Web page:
Biography of Hon. William Kehoe
Humboldt County, CA Biographies





HON. WILLIAM KEHOE. - Politics in the hands of a man like Senator Kehoe is a straightforward matter requiring earnestness of purpose and energy of temperament; with him, politics never descends to partisanship, but partakes of the elements of statesmanship and contains the loftiest patriotism of spirit. More than a decade before a Progressive party had been formed in California he had put forward as his favorite principles such measures as lie at the basis of that organization. On these principles he had rested his policy as a citizen, as a lawyer and as a public official. With their aid he has become known for largeness of views and breadth of civic vision. In various bills and measures they have taken visible form, always for the well being of the state and the advancement of its citizens.

A lifelong resident of Northern California and of the coast country, William Kehoe was born at Greenwood, Mendocino county, September 12, 1876, and at the age of seven years in 1883 accompanied other members of the family to Humboldt county, where he completed a public school education. From early life he directed his studies with the law as his objective occupation, and the consummation of his hopes, as well as the beginning of his professional responsibilities, came with his graduation in 1899 from the law department of the University of Michigan. During the same year he was admitted to practice in the courts of California. Returning to Eureka, he opened an office in this city, where he has since risen to merited prominence as a lawyer and public man, and where also he has participated in business as vice president of the Alderpoint Development Company and secretary of the Mattole Development Company. His family consists of his wife, Mrs. Ella (Cook) Kehoe, a native of the town of Wiconisco, Pa., and one son, Harold B. Elected to the state assemble from the second California district in 1908, he served with efficiency. At the expiration of his term he was reelected to the assembly and was chosen chairman of the judiciary committee. In 1912 he was elected senator from the first senatorial district and in the session of 1913 he acted as chairman of the committee on corporations, a member of the judiciary committee and a worker on five other committees of importance, meanwhile introducing and taking a very prominent part in the passage of the immigration bill, the water conservation bill and the forestry bill, all measures vitally close to the permanent welfare of the state and the best interests of the people.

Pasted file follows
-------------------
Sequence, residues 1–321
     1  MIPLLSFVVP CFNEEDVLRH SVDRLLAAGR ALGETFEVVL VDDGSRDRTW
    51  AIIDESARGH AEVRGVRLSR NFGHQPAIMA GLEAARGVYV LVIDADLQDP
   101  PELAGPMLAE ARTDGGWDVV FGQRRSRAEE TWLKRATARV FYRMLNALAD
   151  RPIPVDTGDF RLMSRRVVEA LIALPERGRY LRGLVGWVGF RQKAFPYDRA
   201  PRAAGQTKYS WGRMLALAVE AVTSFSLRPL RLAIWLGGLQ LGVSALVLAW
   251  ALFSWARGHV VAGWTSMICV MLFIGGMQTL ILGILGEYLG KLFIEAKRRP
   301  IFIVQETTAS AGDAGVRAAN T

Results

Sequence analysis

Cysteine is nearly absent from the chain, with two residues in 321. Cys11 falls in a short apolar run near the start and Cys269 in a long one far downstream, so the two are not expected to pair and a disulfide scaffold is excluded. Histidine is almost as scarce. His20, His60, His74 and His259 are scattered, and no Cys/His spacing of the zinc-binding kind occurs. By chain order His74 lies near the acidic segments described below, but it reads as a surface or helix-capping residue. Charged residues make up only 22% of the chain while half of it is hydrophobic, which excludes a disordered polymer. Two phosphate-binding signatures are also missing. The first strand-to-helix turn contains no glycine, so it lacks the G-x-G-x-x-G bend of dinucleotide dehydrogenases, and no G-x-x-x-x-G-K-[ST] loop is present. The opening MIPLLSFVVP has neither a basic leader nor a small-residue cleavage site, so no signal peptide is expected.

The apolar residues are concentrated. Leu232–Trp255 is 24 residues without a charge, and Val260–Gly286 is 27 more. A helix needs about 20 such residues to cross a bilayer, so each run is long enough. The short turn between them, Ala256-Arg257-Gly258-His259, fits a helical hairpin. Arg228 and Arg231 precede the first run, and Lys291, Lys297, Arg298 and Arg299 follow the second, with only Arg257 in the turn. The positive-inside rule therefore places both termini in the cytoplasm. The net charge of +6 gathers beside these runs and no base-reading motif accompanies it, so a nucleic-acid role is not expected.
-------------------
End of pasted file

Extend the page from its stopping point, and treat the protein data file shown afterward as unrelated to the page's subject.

From:
History of Humboldt County, California
With a Biographical Sketches
History by Leigh H. Irving
Historic Record Company
Los Angeles, California 1915


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